Regarding EIA reports (article 35), two delegations expressed concerns regarding a provision that these reports shall be reviewed by the scientific and technical body, with one noting that this is addressed later in the text.
Following a brief exchange of views on the merits of multilingualism, discussions continued into the evening in English only. Delegates focused on standards/guidelines/guidance to be developed by the scientific and technical body related to EIAs (article 41 bis) and on strategic environmental assessments (article 41 ter).
In the Corridors
Thursday’s discussions were held over longer hours in different settings, taking up most of lunchtime and stretching into the evening. “We are certainly putting in the work to get us a treaty next week,” said one delegate, rushing into a closed-door discussion.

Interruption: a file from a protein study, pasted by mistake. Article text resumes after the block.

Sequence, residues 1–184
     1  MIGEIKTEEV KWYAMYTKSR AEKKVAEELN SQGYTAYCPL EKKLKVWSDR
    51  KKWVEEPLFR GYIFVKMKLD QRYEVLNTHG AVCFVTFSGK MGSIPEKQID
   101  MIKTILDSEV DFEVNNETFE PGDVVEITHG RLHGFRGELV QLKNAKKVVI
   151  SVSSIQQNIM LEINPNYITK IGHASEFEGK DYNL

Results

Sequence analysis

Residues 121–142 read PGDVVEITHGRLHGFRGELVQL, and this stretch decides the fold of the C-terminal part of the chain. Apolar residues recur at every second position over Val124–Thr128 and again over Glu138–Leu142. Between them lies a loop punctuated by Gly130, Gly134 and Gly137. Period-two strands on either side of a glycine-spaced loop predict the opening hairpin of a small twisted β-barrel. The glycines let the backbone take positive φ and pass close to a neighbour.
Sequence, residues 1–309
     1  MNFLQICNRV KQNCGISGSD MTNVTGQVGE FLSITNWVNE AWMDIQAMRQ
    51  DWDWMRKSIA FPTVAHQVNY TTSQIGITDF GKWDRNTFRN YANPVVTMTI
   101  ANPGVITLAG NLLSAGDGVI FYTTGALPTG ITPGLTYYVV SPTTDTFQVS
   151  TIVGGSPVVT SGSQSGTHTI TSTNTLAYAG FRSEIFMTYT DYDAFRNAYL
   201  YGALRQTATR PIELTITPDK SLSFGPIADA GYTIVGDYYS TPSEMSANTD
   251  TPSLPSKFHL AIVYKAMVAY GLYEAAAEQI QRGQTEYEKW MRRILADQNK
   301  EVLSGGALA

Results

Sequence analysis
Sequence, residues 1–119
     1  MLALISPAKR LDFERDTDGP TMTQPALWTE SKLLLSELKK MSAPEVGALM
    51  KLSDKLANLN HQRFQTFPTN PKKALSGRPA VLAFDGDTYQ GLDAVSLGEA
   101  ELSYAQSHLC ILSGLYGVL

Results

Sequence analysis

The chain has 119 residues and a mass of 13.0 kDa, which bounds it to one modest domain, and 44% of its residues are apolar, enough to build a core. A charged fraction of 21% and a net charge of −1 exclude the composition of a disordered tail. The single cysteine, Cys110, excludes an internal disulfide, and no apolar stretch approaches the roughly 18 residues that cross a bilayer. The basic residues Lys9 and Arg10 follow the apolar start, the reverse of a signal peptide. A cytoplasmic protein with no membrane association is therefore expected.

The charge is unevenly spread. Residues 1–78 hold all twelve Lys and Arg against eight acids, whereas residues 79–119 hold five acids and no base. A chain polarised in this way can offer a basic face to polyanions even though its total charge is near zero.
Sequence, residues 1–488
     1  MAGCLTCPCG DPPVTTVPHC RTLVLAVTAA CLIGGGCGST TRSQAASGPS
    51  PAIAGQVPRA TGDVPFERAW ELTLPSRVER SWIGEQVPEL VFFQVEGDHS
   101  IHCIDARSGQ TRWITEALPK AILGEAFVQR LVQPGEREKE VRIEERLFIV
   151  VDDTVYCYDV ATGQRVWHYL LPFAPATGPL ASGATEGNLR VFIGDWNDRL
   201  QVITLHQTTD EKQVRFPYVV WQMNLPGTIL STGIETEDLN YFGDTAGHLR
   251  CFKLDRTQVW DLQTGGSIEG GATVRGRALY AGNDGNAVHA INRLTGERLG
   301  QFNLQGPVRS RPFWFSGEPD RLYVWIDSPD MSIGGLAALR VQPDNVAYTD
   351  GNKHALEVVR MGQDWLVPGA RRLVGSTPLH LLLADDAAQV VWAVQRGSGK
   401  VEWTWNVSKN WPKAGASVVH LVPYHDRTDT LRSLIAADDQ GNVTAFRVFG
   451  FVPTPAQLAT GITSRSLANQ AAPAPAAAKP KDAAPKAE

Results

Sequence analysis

And indeed, delegates have their work cut out for them if they are to get “something akin to clean text” to review in the next few days. There are outstanding issues throughout the text, which will require different levels of compromise. Will the new treaty reflect the principle of common heritage of humankind? Who will benefit from the utilization of high-seas resources? How will the new treaty interact with existing bodies operating in the high seas? And finally, where will the resources to implement the treaty come from? As one facilitator said, “at this stage it is not about what you prefer, it is about what you can live with.”
One seasoned delegate, in a passionate plea during one of the sessions, underlined that “If we say that UNCLOS is the constitution of the ocean, then the Area is the common heritage of humankind.” Whether the requisite steps will be taken to implement this remains to be seen.